The Guardian • Issue #2096

$100 billion arms budget

‘It’s what our ally the United States expects of us’

Senator the Hon Penny Wong Minister for Foreign Affairs, The Right Honourable James Cleverly, UK Foreign Secretary, Deputy Prime Minister and Minister for Defence Richard Marles, Lieutenant Colonel and Captain the Right Honorable Ben Wallace, UK Secretary of State for Defence.

Senator the Hon Penny Wong Minister for Foreign Affairs, The Right Honourable James Cleverly, UK Foreign Secretary, Deputy Prime Minister and Minister for Defence Richard Marles, Lieutenant Colonel and Captain the Right Honorable Ben Wallace, UK Secretary of State for Defence. Photo: Department of Foreign Affairs – (CC BY 4.0)

The announcement by Minister for Defence, Richard Marles, that Australia’s military spending will reach 2.4 per cent of GDP is chilling news. This means a doubling of the military budget to an annual outlay of $100 billion a year by 2034. The reorganisation of the Australian ‘Defence’ Force was triumphantly outlined as Marles unveiled the new National Defence Strategy, in keeping with the 2023 Defence Strategic Review.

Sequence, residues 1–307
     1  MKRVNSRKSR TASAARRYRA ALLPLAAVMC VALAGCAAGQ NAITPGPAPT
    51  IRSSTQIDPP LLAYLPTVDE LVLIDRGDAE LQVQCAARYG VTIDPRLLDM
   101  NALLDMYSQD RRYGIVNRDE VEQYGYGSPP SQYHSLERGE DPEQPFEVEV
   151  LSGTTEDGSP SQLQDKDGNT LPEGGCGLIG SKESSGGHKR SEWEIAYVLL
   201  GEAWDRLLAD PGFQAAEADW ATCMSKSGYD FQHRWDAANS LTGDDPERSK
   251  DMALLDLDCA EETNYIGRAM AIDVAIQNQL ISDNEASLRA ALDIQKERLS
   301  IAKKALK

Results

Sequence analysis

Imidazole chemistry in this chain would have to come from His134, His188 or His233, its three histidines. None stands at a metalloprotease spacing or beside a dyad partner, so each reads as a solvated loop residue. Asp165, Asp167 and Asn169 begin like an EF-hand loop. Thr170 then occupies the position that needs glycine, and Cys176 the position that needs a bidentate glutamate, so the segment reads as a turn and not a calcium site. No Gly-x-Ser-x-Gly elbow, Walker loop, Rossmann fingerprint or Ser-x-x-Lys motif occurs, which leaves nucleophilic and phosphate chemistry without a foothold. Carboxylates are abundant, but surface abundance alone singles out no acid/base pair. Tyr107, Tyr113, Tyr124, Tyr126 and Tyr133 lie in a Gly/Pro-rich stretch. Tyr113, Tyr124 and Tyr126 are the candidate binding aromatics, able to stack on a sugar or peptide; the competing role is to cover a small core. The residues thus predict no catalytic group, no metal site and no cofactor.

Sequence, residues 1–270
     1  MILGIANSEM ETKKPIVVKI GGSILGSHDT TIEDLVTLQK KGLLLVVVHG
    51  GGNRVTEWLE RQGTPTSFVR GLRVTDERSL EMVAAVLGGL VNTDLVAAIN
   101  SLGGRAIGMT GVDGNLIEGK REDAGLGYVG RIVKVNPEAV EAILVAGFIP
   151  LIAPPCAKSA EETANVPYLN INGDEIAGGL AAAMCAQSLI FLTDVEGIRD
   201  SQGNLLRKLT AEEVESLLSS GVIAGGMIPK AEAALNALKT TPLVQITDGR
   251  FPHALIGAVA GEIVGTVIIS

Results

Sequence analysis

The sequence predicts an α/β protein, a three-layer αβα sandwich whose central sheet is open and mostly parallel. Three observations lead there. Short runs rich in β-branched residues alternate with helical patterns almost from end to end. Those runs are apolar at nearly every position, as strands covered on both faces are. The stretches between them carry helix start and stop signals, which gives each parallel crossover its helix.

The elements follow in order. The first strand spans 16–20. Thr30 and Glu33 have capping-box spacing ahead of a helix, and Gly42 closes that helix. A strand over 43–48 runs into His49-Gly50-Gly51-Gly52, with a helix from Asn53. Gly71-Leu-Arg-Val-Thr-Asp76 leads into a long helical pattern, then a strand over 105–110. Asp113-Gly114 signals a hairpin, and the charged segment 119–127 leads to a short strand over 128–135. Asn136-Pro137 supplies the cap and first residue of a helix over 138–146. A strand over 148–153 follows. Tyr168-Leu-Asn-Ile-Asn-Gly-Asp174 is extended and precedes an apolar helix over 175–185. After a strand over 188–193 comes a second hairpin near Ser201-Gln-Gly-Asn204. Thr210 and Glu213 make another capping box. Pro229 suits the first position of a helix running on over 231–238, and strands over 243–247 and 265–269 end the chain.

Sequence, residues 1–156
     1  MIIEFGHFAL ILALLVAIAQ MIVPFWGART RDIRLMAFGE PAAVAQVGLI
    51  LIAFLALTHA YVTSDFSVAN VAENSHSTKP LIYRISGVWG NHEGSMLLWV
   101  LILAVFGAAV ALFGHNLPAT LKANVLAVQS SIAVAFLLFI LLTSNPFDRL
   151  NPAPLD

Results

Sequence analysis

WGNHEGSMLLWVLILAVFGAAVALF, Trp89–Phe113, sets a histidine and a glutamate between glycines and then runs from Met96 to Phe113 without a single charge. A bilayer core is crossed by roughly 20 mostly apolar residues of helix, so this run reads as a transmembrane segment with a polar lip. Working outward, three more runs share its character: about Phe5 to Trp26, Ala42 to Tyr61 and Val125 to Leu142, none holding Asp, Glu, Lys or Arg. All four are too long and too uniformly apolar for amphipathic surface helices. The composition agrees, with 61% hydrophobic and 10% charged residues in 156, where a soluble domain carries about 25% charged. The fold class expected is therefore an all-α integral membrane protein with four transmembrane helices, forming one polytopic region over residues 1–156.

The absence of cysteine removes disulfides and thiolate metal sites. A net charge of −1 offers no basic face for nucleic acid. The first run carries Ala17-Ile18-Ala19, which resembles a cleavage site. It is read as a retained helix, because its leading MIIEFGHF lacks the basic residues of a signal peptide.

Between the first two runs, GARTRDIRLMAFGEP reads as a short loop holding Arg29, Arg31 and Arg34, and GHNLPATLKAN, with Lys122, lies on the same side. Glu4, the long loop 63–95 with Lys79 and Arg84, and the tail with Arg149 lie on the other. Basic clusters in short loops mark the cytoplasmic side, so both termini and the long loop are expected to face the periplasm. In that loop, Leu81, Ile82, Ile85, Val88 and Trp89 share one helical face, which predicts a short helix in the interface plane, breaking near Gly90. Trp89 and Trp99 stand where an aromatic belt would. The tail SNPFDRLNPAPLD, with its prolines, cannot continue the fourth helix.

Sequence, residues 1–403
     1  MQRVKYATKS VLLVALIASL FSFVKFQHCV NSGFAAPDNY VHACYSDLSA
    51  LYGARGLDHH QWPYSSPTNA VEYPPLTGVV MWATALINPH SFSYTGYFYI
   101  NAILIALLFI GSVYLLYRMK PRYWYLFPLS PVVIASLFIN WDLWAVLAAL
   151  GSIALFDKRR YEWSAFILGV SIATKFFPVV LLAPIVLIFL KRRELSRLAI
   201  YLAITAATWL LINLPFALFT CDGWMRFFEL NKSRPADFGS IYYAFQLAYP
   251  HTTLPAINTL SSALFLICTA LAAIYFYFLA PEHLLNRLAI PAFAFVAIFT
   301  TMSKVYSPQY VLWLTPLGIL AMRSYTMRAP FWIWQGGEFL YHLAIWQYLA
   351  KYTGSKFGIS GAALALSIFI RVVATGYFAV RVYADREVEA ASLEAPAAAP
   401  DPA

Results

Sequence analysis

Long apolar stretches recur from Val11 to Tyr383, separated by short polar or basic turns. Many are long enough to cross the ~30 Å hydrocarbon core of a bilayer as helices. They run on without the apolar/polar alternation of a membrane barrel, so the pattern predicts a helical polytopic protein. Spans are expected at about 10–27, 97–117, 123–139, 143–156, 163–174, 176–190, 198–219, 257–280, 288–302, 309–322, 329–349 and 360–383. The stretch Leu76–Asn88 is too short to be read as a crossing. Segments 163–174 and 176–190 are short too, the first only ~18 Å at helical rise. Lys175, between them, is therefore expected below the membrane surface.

One hundred billion dollars! We live amid poverty, homelessness, and a health crisis with people who cannot see a doctor because bulk-billing is a fading memory. We have not only working poor, but homeless working poor. Mental health is at crisis levels. We have a dysfunctional society but one that can spend $100 billion every year on preparing us for a war that suits no-one’s interests except that of US imperialism.

Marles talked of “difficult” decisions that had to be made. Unforgivably, unashamedly, cravenly, he said that “it is what our ally the United States expects of us.”

His speech was remarkable, at one level, for its clarity of thought. He pulled no punches. China was named as the enemy, and Australian military strategy is about projecting force beyond our borders. He repeated almost as a mantra, the idea that Australia would be projecting force.

This commitment to ‘projection’ puts an effective full-stop to any notion that the Australian military can in any way be regarded as a defence force. The focus on the development of weaponry with the sole purpose of fighting an offensive war was made clear.

He spoke glowingly of the coming nuclear-powered submarines. These, in his estimation, “define projection.” The Navy can also look forward to nearly $70 billion to “build and support the Navy’s future surface combatant fleet and continuous naval shipbuilding. A new range of missile systems will be integrated into our Navy’s surface combatants which includes: Tomahawk, Evolved Sea Sparrow, and Naval Strike Missiles.”

The Army will benefit with the acquisition of “42 High Mobility Artillery Rocket Systems which will be equipped with Precision Strike Missiles and Guided Multiple Launch Rocket Systems. This will take the Army’s firing capacity from a tactical range of 30 kilometres today, to operational and strategically relevant ranges beyond 500 kilometres.”